Eaton, Clifford v. Marske, M., No. 3:2021cv00482 - Document 11 (W.D. Wis. 2022)

Court Description: ORDER denying 3 Motion for Appointment of Counsel; Granting 5 Motion for Leave to File Amended Petition; Denying 10 Request to Take Over Case and to Stay Case. Eaton has until August 19, 2022, to show cause as to why this petition should not be dismissed with prejudice Signed by District Judge William M. Conley on 8/1/2022. (voc),(ps)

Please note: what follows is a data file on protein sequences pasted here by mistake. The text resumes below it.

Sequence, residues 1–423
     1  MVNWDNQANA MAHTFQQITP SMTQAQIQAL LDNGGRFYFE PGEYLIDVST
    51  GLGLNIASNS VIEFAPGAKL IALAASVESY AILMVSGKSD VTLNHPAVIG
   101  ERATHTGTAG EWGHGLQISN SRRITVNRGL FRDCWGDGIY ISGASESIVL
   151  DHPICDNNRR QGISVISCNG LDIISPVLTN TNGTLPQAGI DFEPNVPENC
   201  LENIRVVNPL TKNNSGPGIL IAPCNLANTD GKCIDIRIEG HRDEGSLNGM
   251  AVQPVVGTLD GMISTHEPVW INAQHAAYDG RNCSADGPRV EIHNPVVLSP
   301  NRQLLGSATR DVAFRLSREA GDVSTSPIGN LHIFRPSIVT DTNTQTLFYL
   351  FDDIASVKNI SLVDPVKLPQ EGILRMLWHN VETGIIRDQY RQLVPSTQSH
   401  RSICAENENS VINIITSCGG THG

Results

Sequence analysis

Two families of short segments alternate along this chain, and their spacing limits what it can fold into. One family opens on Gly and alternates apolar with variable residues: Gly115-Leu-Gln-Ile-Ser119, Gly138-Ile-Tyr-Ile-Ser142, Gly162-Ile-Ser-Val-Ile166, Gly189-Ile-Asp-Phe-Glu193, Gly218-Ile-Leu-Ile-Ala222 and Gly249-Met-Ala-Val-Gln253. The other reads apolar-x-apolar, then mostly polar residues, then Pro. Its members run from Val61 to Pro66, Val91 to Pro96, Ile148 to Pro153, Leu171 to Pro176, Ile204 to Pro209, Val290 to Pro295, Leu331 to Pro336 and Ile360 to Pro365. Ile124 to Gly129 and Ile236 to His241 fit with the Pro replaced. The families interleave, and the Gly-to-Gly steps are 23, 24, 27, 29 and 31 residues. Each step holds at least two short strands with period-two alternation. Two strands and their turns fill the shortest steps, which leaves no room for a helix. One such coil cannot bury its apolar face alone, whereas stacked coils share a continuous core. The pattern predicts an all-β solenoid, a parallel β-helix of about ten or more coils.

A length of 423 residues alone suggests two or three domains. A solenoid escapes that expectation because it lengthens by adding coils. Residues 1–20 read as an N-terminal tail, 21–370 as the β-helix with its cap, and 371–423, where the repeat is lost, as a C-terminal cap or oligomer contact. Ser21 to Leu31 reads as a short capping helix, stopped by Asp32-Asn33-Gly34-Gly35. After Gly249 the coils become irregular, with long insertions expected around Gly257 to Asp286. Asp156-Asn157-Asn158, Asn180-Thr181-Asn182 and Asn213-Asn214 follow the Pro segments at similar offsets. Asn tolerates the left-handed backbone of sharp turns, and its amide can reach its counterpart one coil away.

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Eaton, Clifford v. Marske, M. Doc. 11 IN THE UNITED STATES DISTRICT COURT FOR THE WESTERN DISTRICT OF WISCONSIN CLIFFORD EATON, Petitioner, v. OPINION AND ORDER 21-cv-482-wmc R.D. KEYES, Respondent. Pro se petitioner Clifford Eaton is a prisoner incarcerated at the Federal Correctional Institution in Oxford, Wisconsin. Eaton has filed a petition for writ of habeas corpus under 28 U.S.C. § 2241, challenging his sentence under United States v. Mathis, 136 S. Ct. 2243 (2016). Eaton’s amended petition and supplemental brief (dkt. ##4, 6) are before the court for preliminary review, pursuant to Rule 4 of the Rules Governing Section 2254 Cases, which also applies to Section 2241 petitions. See Rule 1(b), Rules Governing Section 2254 Cases, 28 U.S.C. § 2243. Additionally, the federal defender’s office has appeared on behalf of Eaton and asks that the court stay this matter pending the United States Supreme Court’s decision in Jones v. Hendrix, 21-851. (Dkt. #10.)1 As a threshold matter, the court denies the request for a stay as unnecessary because § 2241 has no statute of limitations and does not limit successive petitions. Therefore, if the Jones decision affords Eaton relief, he may renew this motion. Although the court would be inclined to dismiss his petition without prejudice, the petition is subject to dismissal 1 Eaton’s motion for appointment of counsel (dkt. #3) will be denied as moot. with prejudice, under the Court of Appeals for the Seventh Circuit’s decision in Hawkins v. Coleman, 706 F.3d 820, 823, supplemented on denial of reh’g, 724 F.3d 915 (7th Cir. 2013), and its progeny. In the interest of resolving Eaton’s claim sooner rather than later, the court will direct Eaton’s counsel to show cause as to why Eaton’s claim falls outside of that line of cases. BACKGROUND The court draws the following background information from Eaton’s petition and from judicial opinions from Eaton’s criminal proceedings and appeal, see United States v. Eaton, No. 1:09-cr-103-DLH-1 (D.N.D.), and his motion to vacate under 28 U.S.C. § 2255, Eaton v. United States, No. 1:12-cv-84-DLH (D.N.D.). In 2009, Eaton was charged in the District of North Dakota in an indictment with one count of conspiracy to possess with intent to distribute methamphetamine, in violation of 21 U.S.C. §§ 841(a)(1) and 846. The government filed a notice of its intention to seek a sentencing enhancement under 21 U.S.C. § 851, based on two prior felony drug convictions: a 2004 conviction for possession of a controlled substance (methamphetamine) with intent to deliver; and a 1986 conviction for possession of a controlled substance (cocaine), in violation of Illinois Revised Statutes, 1983, as amended Ch. 56 ½, Section 1402(B). Later, Eaton and the government entered into a plea agreement, and the district court accepted Eaton’s guilty plea. Prior to sentencing, the government filed a motion for downward departure based on substantial assistance, pursuant to 18 U.S.C. § 3553(e) and U.S.S.G. § 5K1.1. At 2 sentencing, the court determined that the government demonstrated beyond a reasonable doubt that Eaton’s two prior felony drug convictions subjected him to a mandatory minimum of life imprisonment, but then granted the government’s motion for a downward departure and further reduced his sentence due to time served in state custody for the same offense. The court arrived at a sentence of 223 months’ imprisonment. On appeal, Eaton challenged the substantial-assistance reduction on the ground that the court improperly considered his criminal history, but the Court of Appeals for the Eighth Circuit affirmed his conviction and sentence. United States v. Eaton, 442 F. App’x 552 (8th Cir. 2011). Eaton filed a motion to vacate his sentence under § 2255, arguing that: (1) his trial counsel was ineffective, (2) the government acted in bad faith and engaged in misconduct during the sentencing hearing, and (3) the court erred in determining that the mandatory-minimum life sentence applied. The district court denied that motion on July 24, 2013, and both the district court and the Eighth Circuit denied Eaton a certificate of appealability with respect to that motion. On January 6, 2016, Eaton filed a motion for reduction of sentence pursuant to 18 U.S.C. § 3582(c), and on January 19, 2016, the court granted that motion, reducing his sentence to 192 months. OPINION Eaton filed his petition with this court on August 2, 2021, arguing that his 1986 Illinois drug conviction does not qualify as a “felony drug offense” as defined by 21 U.S.C. § 802(44), in light of the United States Supreme Court’s decision in Mathis v. United States, 3 136 S. Ct. 2443 (2016). Therefore, Eaton contends, because he was improperly subjected to the life sentence, he is entitled to immediate release or resentencing. The general rule for federal prisoners is that a collateral attack on a sentence must be brought under § 2255. Brown v. Caraway, 719 F.3d 583, 586 (7th Cir. 2013). A second or successive collateral attack under § 2255 is allowed only if the court of appeals certifies that it rests on newly discovered evidence or “a new rule of constitutional law, made retroactive to cases on collateral review by the Supreme Court, that was previously unavailable.” 28 U.S.C. § 2255(h)(2). The Court of Appeals for the Seventh Circuit has held that arguments based on Mathis do not justify successive petitions under § 2255 and “must be brought, if at all, in a petition under 28 U.S.C. § 2241.” Dawkins v. United States, 829 F.3d 549, 551 (7th Cir. 2016). Under Seventh Circuit law, to succeed on a petition brought under § 2241, Eaton must meet the requirement of the so-called “savings clause” of the Antiterrorism and Effective Death Penalty Act, 28 U.S.C. § 2255(e). See In re Davenport, 147 F.3d 605, 608– 12 (7th Cir. 1998) (discussing the savings clause’s purpose and development of case law). For the savings clause to apply, Eaton must demonstrate that “his section 2255 remedy is ‘inadequate or ineffective to test the legality of his detention.’” Brown v. Rios, 696 F.3d 638, 640 (7th Cir. 2012) (quoting 28 U.S.C. § 2255(e)). To show that his § 2255 remedy is “inadequate or ineffective,” a federal prisoner must satisfy three conditions: (1) his petition is based on a rule of statutory law; (2) he is relying on a retroactive decision that he could not have invoked in his first § 2255 motion; and (3) the sentence enhancement must have been grave enough to be deemed a miscarriage of justice. Light v. Caraway, 761 4 F.3d 809, 812–13 (7th Cir. 2014); In re Davenport, 147 F.3d at 611–12. Although Eaton has a colorable claim that his Mathis-based petition satisfies the first two elements, it appears that his petition fails at the third. Specifically, in Hawkins, 724 F.3d at 916, the court of appeals reaffirmed its previous holding in Hawkins, 706 F.3d 820, that “an error in calculating a defendant’s Guidelines sentencing range does not justify post conviction relief unless the defendant [was] sentenced in the pre-Booker era, when the Guidelines were mandatory rather than merely advisory.” See also United States v. Coleman, 763 F.3d 706, 708–09 (7th Cir. 2014) (recognizing that Hawkins is “the law of this circuit”). The Seventh Circuit reaffirmed these holdings in Hanson v. United States, 941 F.3d 874, 878 (7th Cir. 2019), finding that Hawkins and Coleman foreclosed relief in a Mathis challenge brought under 28 U.S.C. § 2255 because the sentence was imposed based on “combined considerations from the advisory Guidelines and the appropriate factors.” Id. Recently the Seventh Circuit applied this principle to a § 2241 petition. Mangine v. Withers, -- F.4th -- , 2022 WL 2447431 (7th Cir. July 6, 2022). Mangine sought savings clause relief under § 2241, challenging his 2001 career offender enhancement, not because it impacted his original sentence (the enhancement did not change the applicable Guidelines range) but because it precluded him from reducing his sentence under 18 U.S.C. § 3582(c)(2). Id. at *4. The Seventh Circuit determined that the designation did not qualify as a miscarriage of justice, beginning by acknowledging that noting first its prior decisions finding that a miscarriage of justice had not occurred when a defendant was erroneously labeled a career offender but sentenced below the guideline range, Millis v. 5 Segal, 5 F.4th 830, 835 (7th Cir. 2021), and when the error actually impacted the Guidelines range because the sentence was still below the statutory maximum, Hawkins, 706 F.3d at 824-25. The court acknowledged that because Mangine had been sentenced before the Supreme Court held in United States v. Booker, 542 U.S. 220 (2005), if an error had occurred at the time of his sentence, he would have suffered a miscarriage of justice. However, because Mangine was not actually arguing that his original sentence was unlawful, he did not suffer a miscarriage of justice. Id. at *4. Applying that reasoning to Eaton’s petition, it does not appear he suffered a miscarriage of justice. Although Eaton challenges his § 851 enhancement, the sentence actually imposed was not a product of that enhancement or the mandatory minimum of life in prison. Rather, the court accepted the government’s request for a downward departure and then calculated Eaton’s sentence under the advisory Guidelines. For that reason, the court believes Eaton’s circumstances are distinguishable from those before the court in Chazen v. Marske, 938 F.3d 851, 853 (7th Cir. 2019), where the petitioner challenged the enhanced minimum sentence that was actually imposed. Even assuming the mandatory life imprisonment was an improper starting point, the 223-month term of imprisonment was far below the 40-year statutory maximum that would have applied absent the enhancement. Therefore, any error the court may have committed by accepting that the mandatory minimum of life imprisonment was in play cannot amount to a constitutional defect. See Faulkner v. United States, No. 1:20-cv-1339, 2021 WL 3074157, at *3 (C.D. Ill. July 20, 2021) (“[M]isapplying a sentencing enhancement that increases the statutory minimum and maximum sentence likewise does not create a miscarriage of 6 justice when the sentence actually imposed is below the statutory maximum absent the challenged conduct.”) (citing Hawkins, 706 F.3d at 824-25). Accordingly, it would appear that Hawkins applies, and Eaton cannot rely on Mathis or any other change in the law to challenge his sentence in a post-conviction proceeding. Before dismissing this petition for that reason, the court will give Eaton the opportunity to show cause as to why Hawkins, Hanson, and Mangine do not preclude him from seeking post-conviction relief with respect to his § 851 enhancement. If Eaton shows that his claim is viable, the court will dismiss this petition, without prejudice to Eaton renewing it on the same grounds once the Supreme Court issues Jones. ORDER IT IS ORDERED that: 1. Petitioner Clifford Eaton’s motion to amend (dkt. #5) is GRANTED. 2. Eaton’s motion for appointment of counsel (dkt. #3) is DENIED as moot. 3. Eaton’s motion to stay (dkt. #10) is DENIED. 4. Eaton has until August 19, 2022, to show cause as to why this petition should not be dismissed with prejudice. Entered 1st day of August, 2022. BY THE COURT: /s/ ________________________________________ WILLIAM M. CONLEY District Judge 7